lexical-addressprocedure provides and the program design that allows it to provide this functionality. Don't go into the details in English: your audience can read Scheme. However, don't assume the audience knows what you are trying to accomplish or how you have gone about accomplishing it.
Instead of doing this, I would like you to leave any free variable reference alone: don't assign it a lexical address at all. Only bound variable references should be given lexical addresses.
variant-case, as explained in section 3.4. That is, I am suggesting you do Exercise 3.4.6 (page 87). The idea here is that
lexical-addresswould first use
parseto translate the expression into an abstract syntax tree (AST) built out of records. Then it would invoke some "core" lexical-address-conversion procedure that operates on the AST, replacing some
lex-inforecords. Finally, your top-level
lexical-addressprocedure would use
unparseto translate the expression back into list form. (The
unparseprocedures on page 85 are for a slightly different language, so you'll need to modify them.)
There is no need for you to wait until we reach section 3.4 in class in order to start work on this project. Not only could you peek ahead at that section, but also the first problem you face is deciding on a general design or strategy for lexical addressing, not writing specific code. The general strategy is independent of whether your procedure operates on list structures or records.
In designing your strategy, you should give some thought to efficiency. In particular, it would be best not to make repeated passes over the expression. Remember that you are free to write as many procedures as you find useful, including ones that generalize the original problem or serve as helpers.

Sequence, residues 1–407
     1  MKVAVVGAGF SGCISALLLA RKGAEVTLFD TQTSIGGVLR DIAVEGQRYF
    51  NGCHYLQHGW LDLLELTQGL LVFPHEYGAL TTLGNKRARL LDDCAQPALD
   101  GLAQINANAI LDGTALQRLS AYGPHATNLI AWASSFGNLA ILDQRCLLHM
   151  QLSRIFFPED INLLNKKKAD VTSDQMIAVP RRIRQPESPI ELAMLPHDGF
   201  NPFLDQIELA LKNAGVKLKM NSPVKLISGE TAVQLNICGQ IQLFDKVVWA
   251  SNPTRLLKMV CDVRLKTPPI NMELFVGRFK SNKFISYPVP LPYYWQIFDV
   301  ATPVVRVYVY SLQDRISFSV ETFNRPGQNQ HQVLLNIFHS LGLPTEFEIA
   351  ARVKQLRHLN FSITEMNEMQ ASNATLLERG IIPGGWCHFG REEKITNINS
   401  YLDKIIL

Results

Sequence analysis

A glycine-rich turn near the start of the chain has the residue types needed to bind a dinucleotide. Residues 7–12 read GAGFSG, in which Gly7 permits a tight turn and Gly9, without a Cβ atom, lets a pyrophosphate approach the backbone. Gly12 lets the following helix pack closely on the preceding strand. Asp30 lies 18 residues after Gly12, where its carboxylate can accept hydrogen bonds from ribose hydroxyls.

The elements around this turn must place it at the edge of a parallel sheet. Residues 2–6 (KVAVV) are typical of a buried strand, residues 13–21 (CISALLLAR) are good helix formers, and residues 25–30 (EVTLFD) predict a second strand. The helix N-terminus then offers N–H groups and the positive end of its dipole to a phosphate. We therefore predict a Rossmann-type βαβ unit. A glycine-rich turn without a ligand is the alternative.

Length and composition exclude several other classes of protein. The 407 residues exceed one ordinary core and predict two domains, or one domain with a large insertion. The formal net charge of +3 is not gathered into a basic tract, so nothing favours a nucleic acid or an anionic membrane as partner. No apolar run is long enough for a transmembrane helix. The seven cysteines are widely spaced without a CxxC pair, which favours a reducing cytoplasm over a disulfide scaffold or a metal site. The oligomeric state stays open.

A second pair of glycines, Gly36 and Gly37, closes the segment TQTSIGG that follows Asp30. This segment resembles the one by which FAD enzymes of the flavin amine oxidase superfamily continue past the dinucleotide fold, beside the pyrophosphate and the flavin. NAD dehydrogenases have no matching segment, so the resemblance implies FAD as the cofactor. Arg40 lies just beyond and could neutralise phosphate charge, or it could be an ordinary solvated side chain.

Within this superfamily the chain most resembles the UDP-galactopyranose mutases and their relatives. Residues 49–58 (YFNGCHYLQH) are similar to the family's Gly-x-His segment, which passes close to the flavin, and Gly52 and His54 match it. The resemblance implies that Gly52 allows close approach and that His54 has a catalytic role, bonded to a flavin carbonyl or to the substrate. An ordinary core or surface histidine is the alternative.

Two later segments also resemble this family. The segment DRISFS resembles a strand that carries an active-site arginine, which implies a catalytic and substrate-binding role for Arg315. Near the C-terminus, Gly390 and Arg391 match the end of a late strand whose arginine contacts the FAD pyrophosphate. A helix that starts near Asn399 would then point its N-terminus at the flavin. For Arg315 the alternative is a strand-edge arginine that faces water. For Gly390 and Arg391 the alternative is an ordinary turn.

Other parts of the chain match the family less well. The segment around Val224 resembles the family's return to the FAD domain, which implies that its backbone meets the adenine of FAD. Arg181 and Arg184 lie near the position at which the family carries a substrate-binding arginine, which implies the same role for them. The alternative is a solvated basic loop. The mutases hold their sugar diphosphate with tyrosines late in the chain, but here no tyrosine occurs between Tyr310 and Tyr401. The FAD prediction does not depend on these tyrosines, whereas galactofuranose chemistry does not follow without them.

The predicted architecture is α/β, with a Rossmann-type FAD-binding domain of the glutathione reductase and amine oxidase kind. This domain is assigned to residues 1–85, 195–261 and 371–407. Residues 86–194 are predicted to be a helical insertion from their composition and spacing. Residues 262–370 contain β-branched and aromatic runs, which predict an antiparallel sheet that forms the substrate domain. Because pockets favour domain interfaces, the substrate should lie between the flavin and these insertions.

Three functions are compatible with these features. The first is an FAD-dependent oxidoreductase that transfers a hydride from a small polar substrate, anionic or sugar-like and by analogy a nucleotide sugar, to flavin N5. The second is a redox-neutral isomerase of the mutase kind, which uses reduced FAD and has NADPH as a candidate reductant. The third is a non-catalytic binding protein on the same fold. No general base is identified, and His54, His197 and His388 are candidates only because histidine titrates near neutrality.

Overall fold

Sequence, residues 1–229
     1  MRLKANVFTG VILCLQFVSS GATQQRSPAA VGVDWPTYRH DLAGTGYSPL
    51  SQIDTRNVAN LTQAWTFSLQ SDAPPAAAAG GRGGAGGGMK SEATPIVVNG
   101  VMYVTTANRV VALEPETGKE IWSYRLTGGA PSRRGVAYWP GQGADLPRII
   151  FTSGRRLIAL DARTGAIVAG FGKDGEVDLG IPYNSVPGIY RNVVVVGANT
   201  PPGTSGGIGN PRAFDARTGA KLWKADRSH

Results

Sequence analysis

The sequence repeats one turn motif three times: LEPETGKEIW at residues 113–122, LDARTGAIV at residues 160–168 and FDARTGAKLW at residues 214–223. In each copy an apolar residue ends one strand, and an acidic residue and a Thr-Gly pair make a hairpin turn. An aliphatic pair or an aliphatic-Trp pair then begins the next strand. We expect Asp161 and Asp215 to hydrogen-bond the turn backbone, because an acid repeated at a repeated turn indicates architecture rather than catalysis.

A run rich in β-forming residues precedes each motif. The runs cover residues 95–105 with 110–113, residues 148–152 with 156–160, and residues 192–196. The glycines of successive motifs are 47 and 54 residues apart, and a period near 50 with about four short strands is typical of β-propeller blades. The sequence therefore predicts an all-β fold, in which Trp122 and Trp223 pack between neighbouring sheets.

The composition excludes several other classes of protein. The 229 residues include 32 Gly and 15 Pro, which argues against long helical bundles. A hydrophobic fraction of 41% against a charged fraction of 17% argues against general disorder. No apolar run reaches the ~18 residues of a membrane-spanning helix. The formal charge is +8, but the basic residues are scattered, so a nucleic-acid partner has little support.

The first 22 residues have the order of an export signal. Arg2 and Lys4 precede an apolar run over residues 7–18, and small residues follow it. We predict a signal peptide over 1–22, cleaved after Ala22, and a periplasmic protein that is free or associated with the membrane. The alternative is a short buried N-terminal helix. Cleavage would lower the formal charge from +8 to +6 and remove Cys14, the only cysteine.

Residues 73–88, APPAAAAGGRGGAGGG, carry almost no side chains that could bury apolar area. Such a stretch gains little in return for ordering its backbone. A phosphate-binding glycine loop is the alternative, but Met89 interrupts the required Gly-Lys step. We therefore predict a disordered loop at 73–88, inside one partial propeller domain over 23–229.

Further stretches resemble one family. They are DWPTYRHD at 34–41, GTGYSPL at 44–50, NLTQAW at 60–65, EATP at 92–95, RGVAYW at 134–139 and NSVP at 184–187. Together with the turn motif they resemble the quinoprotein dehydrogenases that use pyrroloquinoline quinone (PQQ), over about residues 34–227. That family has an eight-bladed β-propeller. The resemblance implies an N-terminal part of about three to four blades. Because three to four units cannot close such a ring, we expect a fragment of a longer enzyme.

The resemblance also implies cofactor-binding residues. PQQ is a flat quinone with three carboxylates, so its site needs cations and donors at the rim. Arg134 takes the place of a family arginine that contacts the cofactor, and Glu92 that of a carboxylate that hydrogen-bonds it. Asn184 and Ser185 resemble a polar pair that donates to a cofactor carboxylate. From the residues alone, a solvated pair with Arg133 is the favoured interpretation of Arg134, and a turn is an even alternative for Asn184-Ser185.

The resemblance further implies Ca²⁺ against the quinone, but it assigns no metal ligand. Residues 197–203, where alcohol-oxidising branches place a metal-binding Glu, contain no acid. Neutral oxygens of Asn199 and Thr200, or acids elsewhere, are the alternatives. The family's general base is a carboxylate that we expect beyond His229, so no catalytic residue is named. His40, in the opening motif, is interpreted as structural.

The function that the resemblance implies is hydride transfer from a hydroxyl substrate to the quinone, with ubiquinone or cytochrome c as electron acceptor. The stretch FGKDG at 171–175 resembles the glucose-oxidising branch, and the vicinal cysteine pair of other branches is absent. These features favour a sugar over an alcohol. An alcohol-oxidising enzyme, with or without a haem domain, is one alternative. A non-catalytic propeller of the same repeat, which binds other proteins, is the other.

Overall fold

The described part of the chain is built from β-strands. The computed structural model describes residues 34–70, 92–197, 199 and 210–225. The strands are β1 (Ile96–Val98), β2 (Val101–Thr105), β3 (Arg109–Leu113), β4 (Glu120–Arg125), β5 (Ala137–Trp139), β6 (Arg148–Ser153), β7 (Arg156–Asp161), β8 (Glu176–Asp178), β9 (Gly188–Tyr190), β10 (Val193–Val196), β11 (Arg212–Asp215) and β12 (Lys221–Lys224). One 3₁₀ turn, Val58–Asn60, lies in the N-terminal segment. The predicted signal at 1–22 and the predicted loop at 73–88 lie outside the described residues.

Assuming you take my suggestion to use
variant-case, you will need to load these features into
Scheme, since they are non-standard. If you use DrScheme on one of
the department's Linux machines, you can just put the following line
at the top of your program file:
(load "~max/www-docs/courses/S2000/MCS-287/code/drscheme-eopl.ss")If you are using DrScheme on another machine (e.g., your own), you can download that file from the course web page. If you are using some other Scheme system than DrScheme, you will need a different definition of these facilities. You might find them in the book's FTP site, which is also linked from the course web page.
Another issue with using the record facilities is getting DrScheme to indent them appropriately. You can find a web page on this topic linked from the course page.
letrec. Use a different approach for
condthan for the other two, as described below.
cond, you should just change
produce the same AST records as if the expression had been written
if. (Or at any rate, had been written without
cond. Some unusually simple
expressions may be translatable without using
This very roughly corresponds to Exercise 3.3.1, page 71.
letrec, on the other hand, you
should introduce new AST record types, and change all three phases of
parse, the core lexical address conversion
unparse. Keep in mind the difference between
letrec. This extension corresponds
approximately to Exercise 3.1.5, page 74.
Instructor: Max Hailperin